Treasury Committee calls for commitment on Child Poverty target
The Treasury Committee today releases its report on the 2009 Budget. The report calls for clarity from the Government as to how, amidst the current economic difficulties, it plans to meet its commitment to halve child poverty by 2010-11. It also raises doubts about the official growth forecasts and urges the Government to restore credibility with regard to the public finances though greater accountability to Parliament and the public.
John McFall, Chairman of the Committee said:
“We acknowledge the pressure on Government finances but the lack of any substantial measure to combat child poverty in both the Pre-Budget Report last year and this Budget is alarming. On current indicators the Government will fail to meet its 2010-11 target to halve child poverty by a significant margin.
Though spending in this area may not seem a priority amidst the sudden collapse of banks, in the long run it is the right thing to do. Nearly 4 million children in this country are still growing up in poverty. They are suffering now: they are likely to experience ill health, to underachieve in school and to be denied the opportunities that others are given. Indeed, child poverty and youth unemployment are linked. Now more than ever it is vital to support our young people. They will be the ones who will help us out of these difficult economic times; investment in their future is just as important as support for banks and businesses.”
Whilst it is possible that the Government will meet its growth forecasts, on the available evidence this is an optimistic assumption, the report says. The Committee is also concerned that the sharp recovery in consumption forecast for 2011 might be too optimistic given that the UK economy will only just have emerged from a sharp downturn.
With unemployment likely to rise above three million, and approximately 40 percent of the unemployed likely to be young people aged under 25, the report agrees that this necessitates measures focusing on assisting young people. It is, however, too soon to judge whether the Government’s proposed guarantee of a job, work placement or training scheme for all young people who have been on Jobseeker’s Allowance for 12 months, together with the monetary and fiscal stimuli, will be a sufficiently timely and substantial response to the challenge.
John McFall said:
“As the Chancellor said we are living in extraordinary and uncertain times. However, we are not convinced that the Budget forecasts fully acknowledge this uncertainty. We all want to see a way out of recession, but we need to be realistic. We are also concerned about the as yet not fully realised impact of the recession on unemployment, particularly amongst the young. Periods of unemployment whilst young can be more damaging than at any other time. We cannot afford to have a lost generation on our hands. Whilst we welcome the measures to boost employment in the Budget, particularly those aimed at the young, we will continue to monitor their effectiveness closely.”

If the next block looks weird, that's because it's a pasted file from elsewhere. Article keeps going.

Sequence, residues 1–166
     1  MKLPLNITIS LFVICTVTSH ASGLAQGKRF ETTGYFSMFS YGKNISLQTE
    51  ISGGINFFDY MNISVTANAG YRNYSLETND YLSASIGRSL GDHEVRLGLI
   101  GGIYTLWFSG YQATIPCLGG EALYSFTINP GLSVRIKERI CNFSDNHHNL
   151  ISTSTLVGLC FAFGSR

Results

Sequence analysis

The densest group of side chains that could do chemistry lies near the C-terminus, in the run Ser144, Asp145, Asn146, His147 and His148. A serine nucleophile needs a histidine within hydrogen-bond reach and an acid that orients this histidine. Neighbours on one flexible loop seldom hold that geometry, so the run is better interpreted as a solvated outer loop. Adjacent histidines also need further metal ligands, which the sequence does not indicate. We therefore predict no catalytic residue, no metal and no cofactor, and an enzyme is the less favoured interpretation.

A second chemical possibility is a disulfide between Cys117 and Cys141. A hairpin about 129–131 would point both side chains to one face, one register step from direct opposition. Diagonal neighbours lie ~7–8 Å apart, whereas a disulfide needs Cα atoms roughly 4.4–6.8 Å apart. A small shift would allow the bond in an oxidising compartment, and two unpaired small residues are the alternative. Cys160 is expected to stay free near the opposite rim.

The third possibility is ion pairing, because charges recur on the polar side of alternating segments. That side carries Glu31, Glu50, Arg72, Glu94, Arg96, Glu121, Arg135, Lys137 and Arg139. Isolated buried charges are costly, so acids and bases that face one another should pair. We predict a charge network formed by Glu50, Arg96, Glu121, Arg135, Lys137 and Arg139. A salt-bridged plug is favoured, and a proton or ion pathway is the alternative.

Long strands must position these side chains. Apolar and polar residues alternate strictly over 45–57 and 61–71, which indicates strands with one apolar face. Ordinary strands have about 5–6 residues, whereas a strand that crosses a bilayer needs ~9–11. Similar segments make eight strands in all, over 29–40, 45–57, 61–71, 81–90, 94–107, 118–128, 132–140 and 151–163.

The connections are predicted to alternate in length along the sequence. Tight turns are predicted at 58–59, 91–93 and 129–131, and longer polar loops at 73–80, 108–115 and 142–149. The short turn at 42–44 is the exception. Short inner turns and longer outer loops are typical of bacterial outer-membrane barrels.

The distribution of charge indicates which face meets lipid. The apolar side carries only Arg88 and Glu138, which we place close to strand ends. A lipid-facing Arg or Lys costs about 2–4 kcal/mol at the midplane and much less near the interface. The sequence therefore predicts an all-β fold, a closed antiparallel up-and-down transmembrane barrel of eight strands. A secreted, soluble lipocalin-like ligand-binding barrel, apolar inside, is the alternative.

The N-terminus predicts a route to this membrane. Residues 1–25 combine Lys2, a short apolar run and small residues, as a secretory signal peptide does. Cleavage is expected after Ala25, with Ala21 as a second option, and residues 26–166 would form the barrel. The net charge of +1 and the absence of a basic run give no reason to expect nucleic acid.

The report notes that the Chancellor’s forecasts for public borrowing and national debt represent the worst fiscal outlook since the Second World War. The credibility of any attempt to restore the public finances will depend on an acceptance that the structural deficit must be addressed as well as the consequences of the current extraordinary circumstances. The report therefore recommends that future Budget and Pre-Budget Reports provide a sectoral analysis of tax revenues, so that, as the UK economy becomes less dependent on financial services and other sectors become more prominent, the basis of the Treasury’s revenue forecasts can be scrutinised.
The Temporary Operating Rule appears to the Committee to offer no constraint at all on the fiscal decisions of the Chancellor. It is clear to the Committee that the only real financial discipline on the Chancellor is the opinion of the gilt market on the sustainability of the public finances. The report calls for a thorough analysis of all the options for a fiscal framework to be considered.
John McFall said:
“It is critically important that both the public and financial markets believe that the Chancellor is working to an adequate plan to restore the public finances to good health. Accountability to Parliament and proper public consultation are more important than ever in restoring confidence.”
The 50p tax rise
The Committee believes that there are considerable uncertainties over the yield to be raised by the 50 percent top rate of income tax. The report recommends that the Treasury should report on the revenue raised, both nominally and as a percentage of the theoretical maximum revenue, by the new top rate of income tax, and assess at that time the yield obtained from the higher rate against its disadvantages. If the higher rate were to continue it would be appropriate to consider what reforms are required to prevent further leakage. The Treasury should also indicate if it would revise the rate in the event that the estimated revenue yield fell well below its forecasts.
The Committee remains unconvinced that schemes to boost the market, such as the stamp duty holiday, will have any marked effect. The report calls on the Government to provide a cost-benefit analysis of the stamp duty holiday and to report in the PBR for 2009 on the implementation of the asset-backed securities scheme. It also calls for a more stable framework for the payment of Local Housing Allowance.
The report recognizes the importance of the car industry and notes that the vehicle scrappage scheme has been welcomed in some quarters. However, the Committee awaits the 2009 Pre-Budget Report to assess how effective the scheme has been.